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Salazar: BP "On The Hook" for Gulf Oil Crisis

Interior Secretary Ken Salazar said that the environmental impact of the massive oil spill in the Gulf of Mexico could be "catastrophic" and stressed that oil company BP is "on the hook" for any damages.

Earlier this week, BP CEO Tony Hayward said the spill was "relatively tiny" and the environmental effects would be minimal. But thick oil has already moved into the Louisiana marshlands and some has reached the fast-moving "loop current".

"We don't know whether it's going to be minimal or not. It could be catastrophic," Salazar told CBS' "The Early Show" Thursday. "BP is on the hook to make sure that everything is made whole including the environment and the people that will be affected."

Special Section: Disaster in the Gulf

Since the Deepwater Horizon oil rig exploded and sank April 20, BP has estimated 5,000 barrels of oil were flowing from the underwater well into the Gulf. Independent scientists, however, have said that the crude is flowing at a much higher rate - 95,000 barrels a day.

"The government will be making its own independent verification of what the total numbers are," Salazar said. "The American people are entitled to know exactly how much has spilled out in to the Gulf and BP is responsible to make sure that whatever damages that occur are in fact made. So getting this number and being accurate is imperative."

The much higher independent estimates have come out after BP released live video of the gusher.

Steve Wereley, a mechanical engineer at Purdue University in Indiana, told The Associated Press that he is sticking with his estimate that 3.9 million gallons a day is spewing from two leaks.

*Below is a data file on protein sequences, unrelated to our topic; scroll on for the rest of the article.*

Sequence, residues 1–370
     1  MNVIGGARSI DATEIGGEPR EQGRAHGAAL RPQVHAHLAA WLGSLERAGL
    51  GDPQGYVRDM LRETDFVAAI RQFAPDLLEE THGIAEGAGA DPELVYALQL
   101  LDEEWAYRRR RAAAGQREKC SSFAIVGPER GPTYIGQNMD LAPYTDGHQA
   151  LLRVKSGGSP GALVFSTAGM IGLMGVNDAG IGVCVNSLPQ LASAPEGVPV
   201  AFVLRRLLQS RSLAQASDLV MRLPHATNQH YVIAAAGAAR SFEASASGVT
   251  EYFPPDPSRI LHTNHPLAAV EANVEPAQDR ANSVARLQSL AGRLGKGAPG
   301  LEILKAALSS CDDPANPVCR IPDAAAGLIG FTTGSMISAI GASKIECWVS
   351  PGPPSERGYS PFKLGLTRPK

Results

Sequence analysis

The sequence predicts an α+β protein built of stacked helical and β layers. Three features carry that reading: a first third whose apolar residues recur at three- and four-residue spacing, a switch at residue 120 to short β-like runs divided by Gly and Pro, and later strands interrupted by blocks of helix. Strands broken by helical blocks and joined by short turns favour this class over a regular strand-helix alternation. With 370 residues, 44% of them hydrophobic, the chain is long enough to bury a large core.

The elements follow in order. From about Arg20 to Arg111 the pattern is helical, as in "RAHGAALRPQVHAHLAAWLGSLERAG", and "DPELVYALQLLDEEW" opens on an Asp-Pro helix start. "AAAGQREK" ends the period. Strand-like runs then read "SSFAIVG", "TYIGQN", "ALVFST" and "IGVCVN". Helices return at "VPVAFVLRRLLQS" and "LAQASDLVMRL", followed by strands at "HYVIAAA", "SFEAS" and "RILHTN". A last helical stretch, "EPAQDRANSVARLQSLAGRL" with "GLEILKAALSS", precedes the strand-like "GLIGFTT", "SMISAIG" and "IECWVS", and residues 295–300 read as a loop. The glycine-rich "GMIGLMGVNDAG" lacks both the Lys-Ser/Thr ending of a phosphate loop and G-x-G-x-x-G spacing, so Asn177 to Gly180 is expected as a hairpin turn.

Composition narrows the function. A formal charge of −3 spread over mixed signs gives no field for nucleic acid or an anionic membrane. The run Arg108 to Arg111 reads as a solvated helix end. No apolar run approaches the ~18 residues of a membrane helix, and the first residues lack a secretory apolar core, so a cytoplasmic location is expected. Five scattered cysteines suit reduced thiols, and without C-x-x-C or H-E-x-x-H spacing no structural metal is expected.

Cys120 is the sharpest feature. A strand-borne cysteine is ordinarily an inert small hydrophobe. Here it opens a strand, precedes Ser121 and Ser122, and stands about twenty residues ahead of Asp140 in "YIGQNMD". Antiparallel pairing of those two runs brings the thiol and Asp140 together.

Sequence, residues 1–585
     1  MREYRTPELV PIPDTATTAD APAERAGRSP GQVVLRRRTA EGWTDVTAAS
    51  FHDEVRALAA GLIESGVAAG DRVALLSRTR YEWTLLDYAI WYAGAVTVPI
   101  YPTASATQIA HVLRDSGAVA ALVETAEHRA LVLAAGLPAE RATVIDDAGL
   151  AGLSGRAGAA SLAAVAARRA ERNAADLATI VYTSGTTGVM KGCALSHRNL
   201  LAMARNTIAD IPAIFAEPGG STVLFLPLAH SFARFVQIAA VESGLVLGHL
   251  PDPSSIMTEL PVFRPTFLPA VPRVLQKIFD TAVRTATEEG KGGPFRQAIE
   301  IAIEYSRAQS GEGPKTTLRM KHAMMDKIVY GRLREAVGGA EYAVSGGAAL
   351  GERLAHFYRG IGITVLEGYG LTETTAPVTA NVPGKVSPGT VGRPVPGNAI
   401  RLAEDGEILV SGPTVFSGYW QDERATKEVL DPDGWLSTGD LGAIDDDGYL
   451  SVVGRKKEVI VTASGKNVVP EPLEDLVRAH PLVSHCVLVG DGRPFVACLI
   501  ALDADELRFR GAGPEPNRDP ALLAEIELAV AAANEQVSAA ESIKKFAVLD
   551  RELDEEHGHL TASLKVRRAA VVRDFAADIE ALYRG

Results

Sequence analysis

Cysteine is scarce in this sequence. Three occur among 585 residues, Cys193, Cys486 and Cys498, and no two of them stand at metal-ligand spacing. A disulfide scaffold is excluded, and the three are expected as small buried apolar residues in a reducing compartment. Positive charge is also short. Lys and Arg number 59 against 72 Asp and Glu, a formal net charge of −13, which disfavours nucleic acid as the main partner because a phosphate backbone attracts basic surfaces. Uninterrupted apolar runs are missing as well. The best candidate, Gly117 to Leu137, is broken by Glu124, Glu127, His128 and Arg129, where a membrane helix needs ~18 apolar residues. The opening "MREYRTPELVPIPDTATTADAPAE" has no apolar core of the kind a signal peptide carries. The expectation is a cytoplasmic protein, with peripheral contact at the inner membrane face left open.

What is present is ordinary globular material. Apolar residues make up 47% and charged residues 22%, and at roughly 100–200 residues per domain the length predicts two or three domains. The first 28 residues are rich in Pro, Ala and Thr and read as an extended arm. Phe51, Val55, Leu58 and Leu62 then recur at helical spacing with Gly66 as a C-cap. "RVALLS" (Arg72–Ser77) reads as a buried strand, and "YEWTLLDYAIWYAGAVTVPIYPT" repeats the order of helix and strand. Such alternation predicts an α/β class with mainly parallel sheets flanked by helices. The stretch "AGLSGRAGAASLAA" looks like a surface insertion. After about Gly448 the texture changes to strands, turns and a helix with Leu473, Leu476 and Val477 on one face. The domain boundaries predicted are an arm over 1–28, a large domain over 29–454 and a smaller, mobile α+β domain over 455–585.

"I don't see any scenario where (BP's) numbers would be accurate," he said at a congressional hearing Wednesday.

His estimate of the amount leaked to date, which he calls conservative and says has a margin of error of plus or minus 20 percent, is 126 million gallons - or more than 11 times the total leaked from the Exxon Valdez disaster in 1989. The official estimate is closer to 6 million gallons.

Salazar said the 5,000 barrel-a-day figures were the "best estimates at the time" and will be adjusted as more analysis is done.

Rep. Edward Markey, D-Mass., called on BP to release live video feeds of the the oil so independent scientists can more accurately calculate the flow rate. He questioned why such data isn't readily being made public.

BP has received thousands of ideas from the public on how to stop the oil gusher, but some inventors are complaining that their efforts are being ignored.

Oil-eating bacteria, bombs and a device that resembles a giant shower curtain are among the 10,000 fixes people have proposed to counter the growing environmental threat. BP is taking a closer look at 700 of the ideas, but the oil company has yet to use any of them.

"They're clearly out of ideas, and there's a whole world of people willing to do this free of charge," said Dwayne Spradlin, CEO of InnoCentive Inc., which has created an online network of experts to solve problems.

BP spokesman Mark Salt said the company wants the public's help, but that considering proposed fixes takes time.

"They're taking bits of ideas from lots of places," Salt said. "This is not just a PR stunt."


BP succeeded in partially siphoning away the leak over the weekend, when it hooked up a mile-long tube to the broken pipe, sending some of the oil to a ship on the surface. And the company said Wednesday it hopes to begin shooting a mixture known as drilling mud into the blown-out well by Sunday.

The "top kill" method involves directing heavy mud into crippled equipment on top of the well, then aiming cement at it to permanently keep down the oil. Even if it works, it could take several weeks to complete.

If it fails, BP is considering a "junk shot," which involves shooting knotted rope, pieces of tires and golf balls into the blowout preventer. Crews hope they will lodge into the nooks and crannies of the device to plug it.

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